Figure 3. Qing Dynasty bronze tong bao. Tainan mint, 1736–1796.
Figure 3. Qing Dynasty bronze tong bao. Tainan mint, 1736–1796 (ANS 1986.40.503).

It is unclear exactly how long before the arrival of Caamaño the Indigenous peoples of the north west coast of North America developed their taste for Chinese cash, but 1788 seems most likely. In the spring of this year, the English captain John Meares sailed from the Chinese port of Guangzhou (Canton) with a complement of Chinese crewmen, and reached Nootka Sound on Vancouver Island. There he established a post for trade with the indigenous Nuu-chah-nulth peoples despite lacking permission from the East India Company to do so. It has been suggested that Meares’ Chinese crewmen may have begun trading cash coins to the Nuu-chah-nulth when they discovered the attraction of Indigenous peoples to articles made from copper—copper and brass pots had long been staples of European trade with the First Nations of North America—and that this chance trade became regularized in subsequent visits by English traders. On the other hand, it is just as possible that Meares purposely included cash coins in his cargo when he sailed out of Guangzhou in 1788 with the intention of trading them to Aboriginal peoples as trinkets in return for much more valuable seal skins.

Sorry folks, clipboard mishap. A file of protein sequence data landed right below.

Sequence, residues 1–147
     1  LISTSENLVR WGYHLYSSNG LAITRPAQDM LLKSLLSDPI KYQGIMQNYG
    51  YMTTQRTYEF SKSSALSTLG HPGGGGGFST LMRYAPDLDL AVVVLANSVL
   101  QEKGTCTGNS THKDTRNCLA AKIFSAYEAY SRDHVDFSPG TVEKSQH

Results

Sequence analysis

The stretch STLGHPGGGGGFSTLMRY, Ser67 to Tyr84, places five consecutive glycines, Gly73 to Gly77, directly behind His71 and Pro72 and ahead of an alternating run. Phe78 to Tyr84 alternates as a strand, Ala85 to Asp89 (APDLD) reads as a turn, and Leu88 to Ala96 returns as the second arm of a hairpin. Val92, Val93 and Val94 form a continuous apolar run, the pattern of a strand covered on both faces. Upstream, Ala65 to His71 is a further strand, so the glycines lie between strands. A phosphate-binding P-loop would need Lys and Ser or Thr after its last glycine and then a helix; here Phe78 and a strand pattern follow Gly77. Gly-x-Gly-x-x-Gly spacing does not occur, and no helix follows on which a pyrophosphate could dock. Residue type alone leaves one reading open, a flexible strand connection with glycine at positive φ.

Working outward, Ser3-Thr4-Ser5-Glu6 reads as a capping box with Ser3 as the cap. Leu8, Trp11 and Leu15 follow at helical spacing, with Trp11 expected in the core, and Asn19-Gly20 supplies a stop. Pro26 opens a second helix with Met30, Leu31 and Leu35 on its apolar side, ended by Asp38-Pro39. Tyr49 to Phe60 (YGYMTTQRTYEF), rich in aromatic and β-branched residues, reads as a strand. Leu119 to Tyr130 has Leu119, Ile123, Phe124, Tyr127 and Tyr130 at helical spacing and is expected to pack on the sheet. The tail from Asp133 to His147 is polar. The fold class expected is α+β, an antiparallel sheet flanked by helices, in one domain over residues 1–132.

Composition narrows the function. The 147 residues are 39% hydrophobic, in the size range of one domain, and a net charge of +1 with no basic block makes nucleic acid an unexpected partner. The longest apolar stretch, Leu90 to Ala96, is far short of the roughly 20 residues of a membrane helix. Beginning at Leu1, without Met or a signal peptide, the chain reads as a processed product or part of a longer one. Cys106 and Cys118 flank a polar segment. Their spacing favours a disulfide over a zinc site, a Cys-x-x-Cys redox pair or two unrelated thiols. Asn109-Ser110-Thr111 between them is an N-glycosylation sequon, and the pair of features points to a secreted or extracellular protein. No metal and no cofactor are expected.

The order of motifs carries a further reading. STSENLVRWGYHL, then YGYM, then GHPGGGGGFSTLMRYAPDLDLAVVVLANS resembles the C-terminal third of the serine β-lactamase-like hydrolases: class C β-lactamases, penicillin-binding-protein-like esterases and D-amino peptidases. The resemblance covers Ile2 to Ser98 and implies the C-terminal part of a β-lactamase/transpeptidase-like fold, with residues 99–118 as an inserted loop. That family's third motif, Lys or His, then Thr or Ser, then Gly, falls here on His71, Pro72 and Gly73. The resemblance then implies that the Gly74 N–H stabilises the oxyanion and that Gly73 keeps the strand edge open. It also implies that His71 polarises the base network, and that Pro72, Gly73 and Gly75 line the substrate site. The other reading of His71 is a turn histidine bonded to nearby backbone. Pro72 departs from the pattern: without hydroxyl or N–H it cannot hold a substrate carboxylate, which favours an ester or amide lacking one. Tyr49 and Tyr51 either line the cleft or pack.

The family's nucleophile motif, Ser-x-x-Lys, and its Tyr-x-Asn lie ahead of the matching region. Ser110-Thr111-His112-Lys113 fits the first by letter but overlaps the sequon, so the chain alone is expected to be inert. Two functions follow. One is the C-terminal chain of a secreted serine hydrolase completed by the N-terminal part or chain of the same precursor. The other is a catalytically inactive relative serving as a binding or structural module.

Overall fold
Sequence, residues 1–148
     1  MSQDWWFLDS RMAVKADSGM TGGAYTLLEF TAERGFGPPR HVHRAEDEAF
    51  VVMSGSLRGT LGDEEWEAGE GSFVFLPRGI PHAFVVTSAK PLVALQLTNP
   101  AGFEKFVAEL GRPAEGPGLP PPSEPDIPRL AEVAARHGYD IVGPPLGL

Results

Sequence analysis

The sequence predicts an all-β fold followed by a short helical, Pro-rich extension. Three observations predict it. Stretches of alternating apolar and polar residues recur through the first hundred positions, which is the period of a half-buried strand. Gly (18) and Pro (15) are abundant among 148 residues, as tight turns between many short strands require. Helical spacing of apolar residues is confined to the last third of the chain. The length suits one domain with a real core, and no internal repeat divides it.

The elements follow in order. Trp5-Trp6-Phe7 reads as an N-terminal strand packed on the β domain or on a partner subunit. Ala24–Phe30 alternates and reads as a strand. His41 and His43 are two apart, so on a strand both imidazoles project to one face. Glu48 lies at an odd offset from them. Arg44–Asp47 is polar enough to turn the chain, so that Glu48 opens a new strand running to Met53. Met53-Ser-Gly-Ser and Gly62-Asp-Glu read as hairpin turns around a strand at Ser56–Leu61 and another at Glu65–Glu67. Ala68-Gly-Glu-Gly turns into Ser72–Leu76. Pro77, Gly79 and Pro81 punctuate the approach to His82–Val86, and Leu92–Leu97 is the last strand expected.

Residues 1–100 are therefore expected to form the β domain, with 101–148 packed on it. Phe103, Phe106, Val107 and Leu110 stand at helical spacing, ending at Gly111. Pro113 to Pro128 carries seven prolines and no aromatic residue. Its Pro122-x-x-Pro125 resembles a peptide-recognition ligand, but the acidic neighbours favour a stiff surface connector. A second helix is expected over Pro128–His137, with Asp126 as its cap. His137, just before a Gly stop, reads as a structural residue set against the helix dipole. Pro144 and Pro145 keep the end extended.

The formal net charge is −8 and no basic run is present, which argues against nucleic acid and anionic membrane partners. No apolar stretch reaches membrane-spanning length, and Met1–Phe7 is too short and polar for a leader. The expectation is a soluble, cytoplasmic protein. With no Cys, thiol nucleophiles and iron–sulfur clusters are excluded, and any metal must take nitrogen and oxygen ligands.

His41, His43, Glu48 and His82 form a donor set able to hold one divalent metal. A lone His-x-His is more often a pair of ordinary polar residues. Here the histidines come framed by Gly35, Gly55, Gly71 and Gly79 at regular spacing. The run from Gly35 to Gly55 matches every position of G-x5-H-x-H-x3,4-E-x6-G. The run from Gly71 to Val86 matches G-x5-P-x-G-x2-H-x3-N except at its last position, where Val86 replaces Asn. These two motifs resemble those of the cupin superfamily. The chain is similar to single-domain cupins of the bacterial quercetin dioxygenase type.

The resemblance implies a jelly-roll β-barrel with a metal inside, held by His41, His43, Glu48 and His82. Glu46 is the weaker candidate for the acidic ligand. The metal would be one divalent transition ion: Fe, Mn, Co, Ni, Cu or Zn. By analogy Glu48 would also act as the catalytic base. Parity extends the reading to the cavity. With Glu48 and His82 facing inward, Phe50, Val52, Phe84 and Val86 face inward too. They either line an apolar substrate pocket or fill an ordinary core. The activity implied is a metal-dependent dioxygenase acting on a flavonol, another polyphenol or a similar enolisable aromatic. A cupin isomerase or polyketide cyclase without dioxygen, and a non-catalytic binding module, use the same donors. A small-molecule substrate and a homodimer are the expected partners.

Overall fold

Figure 4. Portrait of a Wishram (a Columbia River people of Oregon) bride wearing headdress decorated with Qing Dynasty tong bao. Photographed by Edward Curtis, c. 1910.
Figure 4. Portrait of a Wishram (a Columbia River people of Oregon) bride wearing headdress decorated with Qing Dynasty tong bao. Photographed by Edward Curtis, c. 1910.